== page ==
When Novel Ideas Masquerade as Short Stories

I’m coming off a summer of insane productivity. For me.

And although I’ve done some work on two of my novel-length projects, the name of the game has been short stories.

Five of them in the 4-6k range, all speculative fiction. Two were written before the summer, and I’ve been revising and soliciting feedback on them. The other three were drafted this summer. One was accepted by an anthology. The remaining two I hope to have submission-ready by next month. Fingers crossed.

I’ve started to workshop the pieces with like-minded members of my local meetup writing group – a breakout group of those who were actively pursuing publication and were already at a certain level with their craft. This group of ladies has provided some hugely helpful feedback (even though we all write very different things).

Something that has been consistent in their comments is that each short story could be so much more. Sometimes that means I have to flesh out the world or the story a bit more. But most of the time it means they think I should be writing a novel instead of a short story. That my short stories are novels in disguise.

I’ve talked before about my difficulties in writing short – and believe me, I’m aware of the irony that my other publishing credits are flash fiction.

What’s a girl to do? Well, I’m not opposed to writing novels, obviously. In fact, my “natural length” is probably more novel than short story (and writer Juliette Wade has a great post on this: Natural Length and the Fractal Nature of Stories). The problem is I’ve got two speculative fiction projects already queued up. So converting any of the stories in this current batch into a longer work won’t be happening any time soon.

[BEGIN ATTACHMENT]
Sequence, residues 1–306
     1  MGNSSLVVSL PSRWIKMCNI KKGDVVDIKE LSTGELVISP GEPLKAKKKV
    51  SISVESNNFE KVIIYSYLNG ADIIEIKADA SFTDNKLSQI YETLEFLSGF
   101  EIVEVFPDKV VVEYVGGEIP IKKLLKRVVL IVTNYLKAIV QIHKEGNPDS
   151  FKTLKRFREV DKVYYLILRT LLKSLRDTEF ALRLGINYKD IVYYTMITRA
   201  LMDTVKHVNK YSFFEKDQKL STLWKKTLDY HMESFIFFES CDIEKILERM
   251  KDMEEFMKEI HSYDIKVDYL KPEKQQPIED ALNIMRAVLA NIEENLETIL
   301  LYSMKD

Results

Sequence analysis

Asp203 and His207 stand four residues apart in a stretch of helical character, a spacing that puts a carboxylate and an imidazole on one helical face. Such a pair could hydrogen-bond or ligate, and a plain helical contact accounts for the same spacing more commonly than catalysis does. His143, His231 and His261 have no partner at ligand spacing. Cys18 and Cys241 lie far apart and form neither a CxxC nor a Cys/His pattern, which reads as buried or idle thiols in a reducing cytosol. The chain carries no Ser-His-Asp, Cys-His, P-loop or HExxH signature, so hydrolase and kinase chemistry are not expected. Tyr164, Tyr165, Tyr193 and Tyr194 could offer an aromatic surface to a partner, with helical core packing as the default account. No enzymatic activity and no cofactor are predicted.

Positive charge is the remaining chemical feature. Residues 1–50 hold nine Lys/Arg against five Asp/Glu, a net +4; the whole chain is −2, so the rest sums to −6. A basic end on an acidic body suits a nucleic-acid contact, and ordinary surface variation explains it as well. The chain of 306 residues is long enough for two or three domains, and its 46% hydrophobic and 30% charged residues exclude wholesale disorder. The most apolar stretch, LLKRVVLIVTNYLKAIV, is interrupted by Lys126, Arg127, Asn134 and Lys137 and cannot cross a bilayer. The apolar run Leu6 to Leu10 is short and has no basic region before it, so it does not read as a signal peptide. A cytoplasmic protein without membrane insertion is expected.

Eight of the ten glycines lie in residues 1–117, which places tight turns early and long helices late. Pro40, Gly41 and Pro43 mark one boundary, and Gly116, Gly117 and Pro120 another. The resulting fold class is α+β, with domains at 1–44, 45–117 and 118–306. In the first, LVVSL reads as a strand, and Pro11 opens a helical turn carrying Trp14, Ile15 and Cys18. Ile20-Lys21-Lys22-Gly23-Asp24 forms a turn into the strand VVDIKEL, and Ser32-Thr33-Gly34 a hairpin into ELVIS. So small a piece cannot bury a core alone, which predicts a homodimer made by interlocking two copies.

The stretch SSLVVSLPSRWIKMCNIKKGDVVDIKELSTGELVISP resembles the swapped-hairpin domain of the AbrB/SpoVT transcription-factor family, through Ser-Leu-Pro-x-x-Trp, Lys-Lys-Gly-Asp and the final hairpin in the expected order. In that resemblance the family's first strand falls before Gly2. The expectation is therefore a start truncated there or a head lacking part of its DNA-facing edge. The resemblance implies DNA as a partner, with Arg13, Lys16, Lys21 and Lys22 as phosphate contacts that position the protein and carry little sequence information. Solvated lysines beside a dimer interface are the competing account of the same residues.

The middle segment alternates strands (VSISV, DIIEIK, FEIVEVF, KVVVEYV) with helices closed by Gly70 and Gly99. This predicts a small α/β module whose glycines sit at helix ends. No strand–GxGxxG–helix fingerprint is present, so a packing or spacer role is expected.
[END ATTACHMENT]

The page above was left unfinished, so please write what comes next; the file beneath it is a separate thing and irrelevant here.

Then there’s the advice that writing short can be a great way to jumpstart your career (see Lydia Sharp’s post The Benefits of Writing Short and The Long on the Short post from Magical Words). And that’s what I was trying to do with these stories that I’ve turned out this year.

So, as I revise, I’m working hard to do the following:

1) Streamline story elements as much as possible without compromising my view of the story world

This may mean simplifying plot points or removing certain features of the world – especially if they open up a whole host of questions that my story doesn’t address. I often add in aspects that I think flesh out the worlds in a shorthand way, but oftentimes these are the same things my writing group calls me out on. As Juliette Wade points out in Worldbuilding for Short Stories: “in a short story, you have very little room to explain or explore. Everything you do has to be done in as few words as possible.” So Poe’s assertion that every element of a short story should work in concert to achieve a unity of effect is something I need to keep in mind.

2) Find ways to develop character without developing character

Calm down. I’m not advocating one-dimensional characters. But in SF/F stories, where worldbuilding and story action demand a not insignificant portion of the story, that doesn’t leave you with a whole lot of room to devote to your characters. This is where voice is so important – and it’s no surprise that all the short stories I’m working on are written in first person. I vowed at the beginning of the year to write in first person to help me really sink into my characters and that’s proven doubly helpful in terms of developing character without slowing the story action down.

3) Analyze all the themes/issues/plot points and decide if they are best served by the short story form